How much does it cost to run a washing machine and how can you make it cheaper?

Want to know how much does it cost to run a washing machine in a bid to keep your energy bills under control? We’ve crunched the numbers to find out

close up of a hand turning on a washing machine
(Image credit: Getty Images)

Many people will be wondering how much does it cost to run a washing machine and how can you lower the cost, especially with energy bills set to remain high for the foreseeable future.

Millions of families have been worried about how much their energy bills will cost (opens in new tab) for most of 2022, especially since the energy price cap (opens in new tab) rose by 54% in April 2022. At the end of August it was announced that the cap would increase again, by a staggering 80% from 1 October. But thankfully, the Government has intervened and introduced the Energy Price Guarantee (opens in new tab). This is effectively an energy bill freeze and it will remain at its current level of £2,500 per year until April 2023. It will then increase by 20% for a further 12 months, taking the typical annual energy bill to £3,000. 

Even though bills didn't rise as much as originally feared in October, they are still more expensive than in 2021, so it's important to understand how to save energy in homes (opens in new tab) and keep your bills as low as possible.'s Money Editor Sarah Handley (opens in new tab) says: "Your washing machine is one of those appliances where with a couple of small changes you could significantly reduce how much energy you use, reducing your bill in the process."  

 How much does it cost to run a washing machine?  

A washing machine costs between 16p and 31p to run per load. That works out as between £33.32 and £64.60 per year. This is based on a 8kg drum washing machine (suitable for medium-sized families) with an energy rating of between A and D that's used an average of four times per week (opens in new tab)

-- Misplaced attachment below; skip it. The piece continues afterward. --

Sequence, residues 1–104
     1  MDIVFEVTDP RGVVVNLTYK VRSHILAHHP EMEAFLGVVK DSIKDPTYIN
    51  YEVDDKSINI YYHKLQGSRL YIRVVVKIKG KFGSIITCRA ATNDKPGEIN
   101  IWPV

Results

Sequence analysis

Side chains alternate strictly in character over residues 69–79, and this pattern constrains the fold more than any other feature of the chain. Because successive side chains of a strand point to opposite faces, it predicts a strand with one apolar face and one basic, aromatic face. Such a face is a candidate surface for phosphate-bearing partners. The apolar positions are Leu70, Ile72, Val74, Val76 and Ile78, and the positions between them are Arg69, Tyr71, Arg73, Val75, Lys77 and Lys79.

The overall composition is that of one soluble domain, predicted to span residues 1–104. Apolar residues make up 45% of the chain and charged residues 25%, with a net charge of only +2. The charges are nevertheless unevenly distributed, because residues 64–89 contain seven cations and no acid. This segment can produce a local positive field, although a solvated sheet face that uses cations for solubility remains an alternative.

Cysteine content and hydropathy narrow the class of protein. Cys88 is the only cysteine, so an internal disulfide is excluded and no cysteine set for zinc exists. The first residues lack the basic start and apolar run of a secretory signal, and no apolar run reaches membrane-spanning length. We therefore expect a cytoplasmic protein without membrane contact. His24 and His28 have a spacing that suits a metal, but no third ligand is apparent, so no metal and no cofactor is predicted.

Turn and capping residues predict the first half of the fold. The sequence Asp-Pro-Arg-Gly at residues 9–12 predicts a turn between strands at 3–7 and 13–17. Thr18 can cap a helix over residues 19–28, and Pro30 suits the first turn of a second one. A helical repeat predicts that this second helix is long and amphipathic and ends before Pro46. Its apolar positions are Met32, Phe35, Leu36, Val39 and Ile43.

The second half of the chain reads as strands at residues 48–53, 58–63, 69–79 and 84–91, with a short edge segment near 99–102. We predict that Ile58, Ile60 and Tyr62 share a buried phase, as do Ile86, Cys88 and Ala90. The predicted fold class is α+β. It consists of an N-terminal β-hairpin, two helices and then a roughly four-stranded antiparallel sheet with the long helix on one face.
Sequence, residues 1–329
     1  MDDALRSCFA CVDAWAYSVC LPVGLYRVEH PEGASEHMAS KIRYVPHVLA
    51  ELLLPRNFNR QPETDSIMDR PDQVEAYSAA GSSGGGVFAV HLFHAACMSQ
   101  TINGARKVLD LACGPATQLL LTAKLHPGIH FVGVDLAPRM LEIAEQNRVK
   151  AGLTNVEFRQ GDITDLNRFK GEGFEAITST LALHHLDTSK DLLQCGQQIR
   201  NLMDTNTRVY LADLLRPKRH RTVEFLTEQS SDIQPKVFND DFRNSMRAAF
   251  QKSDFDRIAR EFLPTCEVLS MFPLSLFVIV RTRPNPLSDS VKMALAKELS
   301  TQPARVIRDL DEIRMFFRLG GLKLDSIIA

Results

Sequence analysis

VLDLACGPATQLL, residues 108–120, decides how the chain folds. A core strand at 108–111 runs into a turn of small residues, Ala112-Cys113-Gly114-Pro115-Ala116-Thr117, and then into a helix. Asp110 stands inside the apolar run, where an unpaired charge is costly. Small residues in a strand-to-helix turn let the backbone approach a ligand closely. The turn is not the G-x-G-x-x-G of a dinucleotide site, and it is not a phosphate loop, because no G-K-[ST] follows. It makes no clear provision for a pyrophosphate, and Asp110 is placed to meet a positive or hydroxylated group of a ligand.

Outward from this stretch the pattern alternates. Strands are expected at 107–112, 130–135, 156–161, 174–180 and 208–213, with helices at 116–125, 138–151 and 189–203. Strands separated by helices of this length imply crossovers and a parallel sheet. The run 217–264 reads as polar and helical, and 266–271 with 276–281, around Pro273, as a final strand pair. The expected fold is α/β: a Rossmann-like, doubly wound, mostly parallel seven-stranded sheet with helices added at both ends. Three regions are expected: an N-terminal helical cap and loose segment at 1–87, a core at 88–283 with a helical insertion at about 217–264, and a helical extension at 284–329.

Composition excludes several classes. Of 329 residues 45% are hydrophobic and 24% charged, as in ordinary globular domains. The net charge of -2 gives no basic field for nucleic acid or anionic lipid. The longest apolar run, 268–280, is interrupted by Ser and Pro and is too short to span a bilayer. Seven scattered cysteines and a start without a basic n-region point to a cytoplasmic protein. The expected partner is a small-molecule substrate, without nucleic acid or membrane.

Your exact running costs will depend on the model of your washing machine, its energy rating and how often you use it. 

Below we have looked at examples of 8kg washing machines with different energy ratings to see how the costs compare. 

Swipe to scroll horizontally
Header Cell - Column 0 Cost per useCost per monthAnnual cost
A-rated washing machine16p£2.78£33.32
B-rated washing machine19p£3.29£39.44
C-rated washing machine29p£4.96£59.50
D-rated washing machine31p£5.38£64.60

Appliances, like washing machines, are categorised by energy efficiency ratings from A to G, with A being the most energy efficient and G being the least efficient.

The better rated washing machines use less energy to do their job which means they don't cost as much to run. Lower rated washing machines use more energy and so cost more to run. But higher rated washing machines cost more to buy.

Ben Gallizzi (opens in new tab), energy expert at, said: “More efficient washing machines may be more costly, so you need to weigh up whether the savings from lower running costs are worth the extra expense.

"Work out your budget and see what rating you can go for. If a C rating or D rating is in your budget, then that’s a lot better than an E of F rating."

The above figures only take electricity costs into consideration, but there are also water costs to think about. Research by website In The Wash (opens in new tab), shows that the average washing machine uses 46.28 litres of water per cycle, and the average cost of water per litre in the UK is 0.3p. This means the average washing machine uses 14p of water per use, taking your total costs to between 30p and 45p per cycle, depending on the efficiency of the machine. 

Household appliance running costs Oct 2022

(Image credit: Future)

What’s the cheapest time to run your washing machine? 

The cheapest time to run your washing machine will depend on the type of energy tariff you’re on. 

A spokesperson for home appliance brand Beko (opens in new tab) told us: “If your tariff is not charged at a flat rate, running your washing machine at times when electricity is cheaper, such as early in the morning or late in the evening, is a great way to reduce costs.”